Expert offers advice for climbing roses

rose climbing3

Is there anything prettier than a picket fence smothered in roses?

Is there anything more pitiful than a leggy, 10-foot-tall rose bush with a few flowers up at the nosebleed section?

Whether you end up with one or the other comes down to training, says Robert Powell, a consulting rosarian with the America Rose Society, who gave a talk on climbing roses Saturday at Akin’s Nursery.

His number-one tip: Bend the rose canes horizontally and they’ll produce more flowers.

That’s because a rose’s growth hormone naturally goes to the top of its canes. If the canes shoot straight up, they will flower only at the top. But if you train the canes to grow out instead of up, laterals will form all along their length and produce masses of flowers.

More advice from Robert:

  • While there are many roses that are true climbers — Don Juan, Joseph’s Coat, New Dawn — there are other varieties that can be trained like climbers. Examples: shrub roses Sally Holmes, Penelope and Sea Foam; and David Austin roses Graham Thomas and Tess of the d’Urbervilles.
  • Know the mature size of a variety before planting it. Some climbers can reach more than 20-feet wide; others only a few feet wide.
  • Plant climbing roses about one foot from the structure – trellis, wall, fence, arbor, shed — on which you plan to train it in a hole that’s about two- to three-feet wide and about one-foot deep. Mix about one-third compost into the soil from the hole. If you have clay soil, roses will likely perform better in raised beds. You probably won’t need to fertilize it the first year.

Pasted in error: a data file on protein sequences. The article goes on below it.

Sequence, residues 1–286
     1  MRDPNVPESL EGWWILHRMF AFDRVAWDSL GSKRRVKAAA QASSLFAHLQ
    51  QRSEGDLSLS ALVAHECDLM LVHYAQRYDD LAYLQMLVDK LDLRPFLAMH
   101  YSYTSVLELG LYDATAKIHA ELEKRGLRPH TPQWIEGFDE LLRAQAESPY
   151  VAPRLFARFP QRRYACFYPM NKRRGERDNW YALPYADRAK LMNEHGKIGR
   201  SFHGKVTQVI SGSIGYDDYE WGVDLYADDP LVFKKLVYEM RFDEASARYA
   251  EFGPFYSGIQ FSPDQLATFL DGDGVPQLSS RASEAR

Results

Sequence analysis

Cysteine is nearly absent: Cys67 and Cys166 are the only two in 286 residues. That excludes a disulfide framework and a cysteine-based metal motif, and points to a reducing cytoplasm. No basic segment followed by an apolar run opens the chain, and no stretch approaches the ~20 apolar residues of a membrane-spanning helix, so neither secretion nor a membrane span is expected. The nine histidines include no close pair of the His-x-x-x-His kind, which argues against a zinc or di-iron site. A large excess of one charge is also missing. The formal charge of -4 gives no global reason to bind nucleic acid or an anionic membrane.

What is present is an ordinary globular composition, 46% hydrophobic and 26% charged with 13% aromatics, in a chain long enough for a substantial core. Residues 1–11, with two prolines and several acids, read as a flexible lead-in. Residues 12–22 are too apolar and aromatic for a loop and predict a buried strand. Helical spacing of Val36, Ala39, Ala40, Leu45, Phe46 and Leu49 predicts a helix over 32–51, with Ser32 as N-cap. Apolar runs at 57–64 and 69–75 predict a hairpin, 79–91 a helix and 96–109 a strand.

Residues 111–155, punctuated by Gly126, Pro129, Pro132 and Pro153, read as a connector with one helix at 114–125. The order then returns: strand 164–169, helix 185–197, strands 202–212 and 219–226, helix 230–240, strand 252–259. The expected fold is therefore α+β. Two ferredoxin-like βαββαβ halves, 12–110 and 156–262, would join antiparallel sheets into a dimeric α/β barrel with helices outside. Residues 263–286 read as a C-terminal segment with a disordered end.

• Use a soft material, such as twine, to tie the rose canes to the structure and don’t pull too tight. The canes need room to grow. Strive to end with the tip of the cane pointing down instead of up.
  • If you want the rose to cover an arbor or other tall structure, wrap the canes around its posts so you’ll have flowers along the uprights and not just all on top.
  • Don’t prune a new climbing rose for two to three years and then only if needed. That means to remove dead or diseased canes and to control size. Prune at the right time for the type rose you have. Once-bloomers – many of the antique varieties – should be pruned after they bloom. Pruning now would cut off their flowers. Repeat bloomers can be pruned now for size control, then have their spent blooms trimmed off after a bloom cycle to encourage another cycle. Encourage old climbers with “bare bottoms” to put on new growth by cutting some of the oldest canes back.
  • Fertilize established roses now, after the first bloom cycle and around Labor Day – the most important feeding of the year, Robert says, because it makes sure the plant will be in good shape to put on a show in spring. He prefers organic fertilizers, like manure, because they feed over a period of time and aren’t likely to burn plants, even if you apply too much.
  • Have patience. Unlike hybrid teas, which take off relatively fast, climbers take several years to reach their full glory.

It’s worth the wait.

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